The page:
Helly Blyth

June 2024

Design and the queer community

Throughout history, design has played a crucial role in pushing LGBTQIA+ agendas and bringing the stories of underserved communities to the surface.

Following the Stonewall riots in 1969, campaign groups had very little resources and so black and white campaign language was used alongside simple handmade illustrations to encourage action and make bold statements. For example, in the 1990s, the OutRage! campaign group used black and white posters to mock popular news headlines that shunned gay people.

© OutRage! 1990-2010 by Steve Mayes.

Design has always played an important role within activism for the LGBTQIA+ community. It has been bold and controversial (out of necessity), in particular the use of the pink triangle in Campaigns against Section 28. This triangle was a symbol worn by queer detainees in Nazi prison camps and was reclaimed during the Aids pandemic through the campaign “Silence = death”.

© OutRage! 1990-2010 by Steve Mayes.

The emergence of the rainbow flag in later years contrasts the monochromatic earlier depictions of queer design. It demonstrates the diversity within the queer community and is now globally known as the pride flag - a universal symbol of belonging and community pride.

Today, the ties between the historical use of graphic design within the queer community still hold strong as we experience modern campaigns nodding to the bold graphic history of LGBTQAI+ campaigns, like Stonewall’s ‘Some people are gay, get over it!’ campaign.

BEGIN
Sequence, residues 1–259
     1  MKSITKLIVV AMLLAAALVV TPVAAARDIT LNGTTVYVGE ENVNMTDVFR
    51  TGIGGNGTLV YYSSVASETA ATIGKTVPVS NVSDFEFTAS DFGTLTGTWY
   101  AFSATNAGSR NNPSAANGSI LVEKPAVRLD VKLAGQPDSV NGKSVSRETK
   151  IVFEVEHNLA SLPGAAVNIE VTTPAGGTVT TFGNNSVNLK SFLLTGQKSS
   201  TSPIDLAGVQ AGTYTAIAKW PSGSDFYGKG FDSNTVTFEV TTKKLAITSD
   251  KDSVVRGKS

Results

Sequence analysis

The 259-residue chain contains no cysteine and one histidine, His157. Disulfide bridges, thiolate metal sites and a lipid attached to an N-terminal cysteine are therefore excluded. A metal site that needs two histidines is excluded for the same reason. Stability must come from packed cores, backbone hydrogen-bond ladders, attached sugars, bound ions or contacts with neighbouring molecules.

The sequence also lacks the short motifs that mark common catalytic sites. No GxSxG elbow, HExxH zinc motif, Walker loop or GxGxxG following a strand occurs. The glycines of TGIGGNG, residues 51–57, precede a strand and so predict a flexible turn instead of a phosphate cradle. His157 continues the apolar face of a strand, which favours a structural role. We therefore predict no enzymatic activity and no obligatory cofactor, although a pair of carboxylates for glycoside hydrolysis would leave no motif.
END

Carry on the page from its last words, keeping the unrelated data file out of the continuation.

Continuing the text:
Stonewall Campaign

Additionally, the rainbow flag is used universally as a symbol of the LGBTQIA+ community. However, this flag has evolved over the years to represent the ever-changing spectrum of diversity. No doubt, it will continue to evolve.

Graphic design has always been important for the queer community but as time has moved, the queer community has become extremely important for the graphic design industry and creative world at large - here’s why. 

Inclusion feeds into every facet of life, including the workplace. Cultivating a respectful and diverse working environment which is accessible to all will retain and educate the current team. Fostering this level of inclusion and belonging would also attract the best creative minds. It will create a workforce of out-the-box thinkers with new perspectives, different world-experiences, and new ways of doing things. 

Additionally, there is a growing LGBTQ+ consumer market who are now more affluent. The LGBTQIA+ population is expected to reach 1 billion by 2050 according to Forbes. In an increasingly gay world, it is important for companies and brands to keep up, to reach all consumers and hiring individuals with a variety of lived experiences from different backgrounds is the key to this. Just as graphic design helped push forward the queer community, queer representation in design and other creative industries can help elevate brands and companies.

Some resources for how you can make your workplace a more LGBTQIA+ safe environment and attract queer talent, continue the production of queer design and reflect the importance in your work.


Imagery credits:

© OutRage! 1990-2010 by Steve Mayes.
Stonewall Campaign